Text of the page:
Thursday, June 18, 2009

First Monthly Travel Increase Since October 2007

The Federal Highway Administration reported today that travel on all roads and streets increased by by +0.6% (1.4 billion vehicle miles) in April 2009 compared to April 2008. This was the first monthly percentage increase compared to the same month in the previous year since October 2007, and follows 17 consecutive monthly percentage decreases (see graph above).


Does this increased driving suggest consumers are feeling more confident? Another green shoot/mustard seed? Possibly.

Comments welcome.

HT: John Thacker

12 Comments:

At 6/18/2009 4:55 PM, Anonymous Anonymous said...

Transportation equals commerce. Enough said.

 
At 6/18/2009 5:40 PM, Anonymous Dr. T said...

The slight increase in travel in April (versus April 2008) is lower than our annual rate of population growth. Thus, on a per person basis, travel is still lower than last year.

Why aren't these numbers adjusted for population?

 
At 6/18/2009 6:10 PM, Blogger Larry Sheldon said...

"Why aren't these numbers adjusted for population?"

The numbers are used to predict wear and tear, and capacity requirements, not make a political point?

I don't know either.

 
At 6/18/2009 7:19 PM, Blogger Robert Miller said...

There is much more going on than meets the casual eye. Don't dismiss it as a political point when these are useful statistics for more than just road wear-and-tear.

Yes, VMT generally rises because of increases in population but the trend seems to have turned downward after 2004. We don't have population change statistics in the last year, but we do have other statistics.

Year-over-year motor vehicle registrations hit a local maximum in 2004. The rate of increase has been slowing ever since (2007 accelerated ever-so-slightly over 2006). We don't have data for 2008 yet, but I have no reason to think 2008 was a banner year for registrations based on sales.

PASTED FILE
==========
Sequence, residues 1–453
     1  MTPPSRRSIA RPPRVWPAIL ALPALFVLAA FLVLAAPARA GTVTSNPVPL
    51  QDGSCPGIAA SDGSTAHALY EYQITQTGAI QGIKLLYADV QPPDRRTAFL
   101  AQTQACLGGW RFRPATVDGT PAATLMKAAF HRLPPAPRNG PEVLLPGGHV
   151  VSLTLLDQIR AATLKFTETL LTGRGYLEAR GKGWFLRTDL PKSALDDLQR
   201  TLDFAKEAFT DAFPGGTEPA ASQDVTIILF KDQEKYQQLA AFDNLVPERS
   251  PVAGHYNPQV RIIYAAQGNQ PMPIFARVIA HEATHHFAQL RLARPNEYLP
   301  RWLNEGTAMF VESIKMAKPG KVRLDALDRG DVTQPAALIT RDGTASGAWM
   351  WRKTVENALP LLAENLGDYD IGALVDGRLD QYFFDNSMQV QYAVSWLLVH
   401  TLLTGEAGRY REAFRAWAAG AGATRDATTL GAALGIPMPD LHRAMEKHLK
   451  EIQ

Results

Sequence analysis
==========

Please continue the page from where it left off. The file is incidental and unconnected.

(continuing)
The rate of MV registration growth has trended downward since 1950. I can only speculate that it has to do with congestion, economic development in suburban communities, and saturation of households with multiple automobiles.

Real gas prices have been rising since 1999 so why are these structural changes happening so late in the game? Have we passed some threshhold in real gas prices? VMT dropped much more dramatically in 1974 and 1979, but recovered rather quickly.

EIA Real Gas Prices

Easter fell in April this year and in March in 2008. That is probably the most compelling explanation for this blip. Easter fell in April in 2007 and 2006. Note that VMT rose in April in those years compared to the previous year too.

Easter Dates

It could be fuel prices, but the data is not confessing.

Fuel prices have been at least 30 percent lower, year-over-year, every month since November 2008 and about 40 percent lower every month since December. If gas prices are explanatory, why were VMT down so much over-the-year every month since December albeit on a rising trend?

Gas prices were still rising in April 2008 and peaked in July so if the percentage decline for May, June and July exceed 40%, that could foretell significant rises in VMT in the coming months.

Since 1970, vehicle miles traveled (VMT) has always peaked in August except for five years when it peaked in July. There is usually a huge spike in May VMT (probably from graduations) and then a large drop-off relative to May in every June.

April and June VMT have declined from the previous years in 2006, 2007, and 2008. Prior to that, VMT has almost always increased in those two months compared to the previous year.

(BTW, this is how you begin to analyze economic data. You follow up with regression analysis. You certainly don't make declarative statements on microscopic views of a time series)

 
At 6/18/2009 8:59 PM, Anonymous Anonymous said...